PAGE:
Back to the story at hand, Mulder and Scully finding all those medical files hidden away at an abandoned mining company has to be one of the most iconic moments of the series. Vaccinations are as American as apple pie. Even now, all but the most paranoid of parents make sure their children receive them. That something so innocent could be used by a shadow government to track and test its citizens is almost as creepy as the fact that Social Security Numbers were created with the promise that they wouldn’t be used for identification purposes. Interestingly, identification was the cover story for these vaccinations; the government was gathering genetic data so that citizens could be identified in case of a nuclear holocaust. It was the Cold War, you recall, and that would have been a believable party line.

Bill Mulder himself believed it, which brings us to the other major revelation of this episode: Samantha wasn’t randomly abducted. She was chosen by her father to be the “guarantee” for the family. Mulder was the one originally scheduled to rendezvous with the Mother Ship. Finally we know what Bill Mulder was trying to say to his son before he was killed. What a sadly powerful moment when Mulder confronts his mother about having had to make a choice. It wasn’t the abduction itself that drove the Mulder family apart.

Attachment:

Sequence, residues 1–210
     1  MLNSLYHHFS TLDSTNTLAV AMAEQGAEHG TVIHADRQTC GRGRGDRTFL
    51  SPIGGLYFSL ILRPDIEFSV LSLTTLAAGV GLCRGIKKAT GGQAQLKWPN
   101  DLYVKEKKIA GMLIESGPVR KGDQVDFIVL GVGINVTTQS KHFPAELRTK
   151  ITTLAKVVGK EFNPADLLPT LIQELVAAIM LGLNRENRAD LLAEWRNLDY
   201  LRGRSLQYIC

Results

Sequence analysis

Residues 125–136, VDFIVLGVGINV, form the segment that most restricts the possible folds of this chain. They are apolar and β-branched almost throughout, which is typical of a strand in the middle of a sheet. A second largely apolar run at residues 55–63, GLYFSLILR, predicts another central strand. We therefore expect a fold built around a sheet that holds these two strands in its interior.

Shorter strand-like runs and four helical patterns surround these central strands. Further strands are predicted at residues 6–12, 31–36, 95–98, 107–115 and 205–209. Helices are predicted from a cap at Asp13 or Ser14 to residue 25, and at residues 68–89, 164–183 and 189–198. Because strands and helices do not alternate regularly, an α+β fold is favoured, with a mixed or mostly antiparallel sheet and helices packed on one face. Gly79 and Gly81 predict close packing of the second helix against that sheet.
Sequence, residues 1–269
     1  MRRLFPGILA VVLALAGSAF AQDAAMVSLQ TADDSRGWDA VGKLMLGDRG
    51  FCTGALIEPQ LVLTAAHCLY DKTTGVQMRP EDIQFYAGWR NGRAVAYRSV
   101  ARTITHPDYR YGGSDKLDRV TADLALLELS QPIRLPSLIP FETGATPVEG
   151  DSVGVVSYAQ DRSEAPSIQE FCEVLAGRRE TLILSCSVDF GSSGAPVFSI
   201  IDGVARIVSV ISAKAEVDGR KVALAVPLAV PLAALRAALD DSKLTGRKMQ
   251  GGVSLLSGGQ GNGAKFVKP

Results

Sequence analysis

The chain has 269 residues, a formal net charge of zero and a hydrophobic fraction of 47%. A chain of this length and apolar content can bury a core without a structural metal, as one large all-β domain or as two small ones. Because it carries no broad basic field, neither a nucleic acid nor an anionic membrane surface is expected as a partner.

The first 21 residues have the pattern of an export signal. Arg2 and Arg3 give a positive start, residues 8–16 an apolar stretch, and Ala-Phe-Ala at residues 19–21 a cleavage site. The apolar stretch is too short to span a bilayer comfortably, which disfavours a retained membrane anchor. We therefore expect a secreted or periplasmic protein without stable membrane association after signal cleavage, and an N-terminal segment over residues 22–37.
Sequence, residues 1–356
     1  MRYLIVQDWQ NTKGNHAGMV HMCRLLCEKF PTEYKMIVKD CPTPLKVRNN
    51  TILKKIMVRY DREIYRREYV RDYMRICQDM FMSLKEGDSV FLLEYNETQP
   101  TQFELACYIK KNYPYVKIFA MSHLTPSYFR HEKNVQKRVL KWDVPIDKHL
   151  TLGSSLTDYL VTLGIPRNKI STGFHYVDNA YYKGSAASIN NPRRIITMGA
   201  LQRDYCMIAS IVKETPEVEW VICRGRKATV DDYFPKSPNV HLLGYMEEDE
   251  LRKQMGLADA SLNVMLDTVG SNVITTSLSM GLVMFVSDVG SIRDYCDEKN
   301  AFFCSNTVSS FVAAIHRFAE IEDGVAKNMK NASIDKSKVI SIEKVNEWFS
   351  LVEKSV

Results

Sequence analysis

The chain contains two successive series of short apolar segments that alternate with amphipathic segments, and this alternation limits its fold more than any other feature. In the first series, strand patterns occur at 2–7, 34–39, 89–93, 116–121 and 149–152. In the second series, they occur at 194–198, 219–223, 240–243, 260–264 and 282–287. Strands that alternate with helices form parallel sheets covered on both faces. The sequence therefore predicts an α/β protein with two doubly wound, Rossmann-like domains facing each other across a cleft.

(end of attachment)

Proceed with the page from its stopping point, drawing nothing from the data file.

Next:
Now there’s another family suffering. If we thought Scully was “involved” before because of her abduction, it’s even more personal now that her sister Melissa has been White Buffalo sacrificed on her behalf. Finally, she shares Mulder’s quest. And poor Maggie Scully is just put through trauma after trauma. The writers need to stop making bad things happen to that woman. The nobility on her face kills me. Somehow, though, I never do miss Melissa…

Conclusion:

This episode is full of lots of fun, memorable moments. The scene in the mine when Mulder and Scully stumble upon rows of endless files I’ve already mentioned but there’s also CSM turning on Krycek, his mini-me, with a car bomb and my personal favorite, watching Skinner finally give CSM the old what-for with Albert Hosteen at his side. It’s worth all the magic and mysticism we had to put up with in “The Blessing Way” (3×1) just for that moment.

Another highlight for me is watching Scully get mad which, like smiling, she doesn’t do nearly often enough. I can only imagine that as a physician she is particularly offended by the atrocities conducted not only by men like Klemper but that the government would abuse citizens’ trust by taking vaccinations meant to help and using them to test and catalogue people.

We don’t learn much else about The Syndicate. Apparently they just sit around in a smoky room and rule the world. But it’s enough for now to know that they’re so powerful that even CSM has to answer to them. There’s no need to rush the reveal.

A-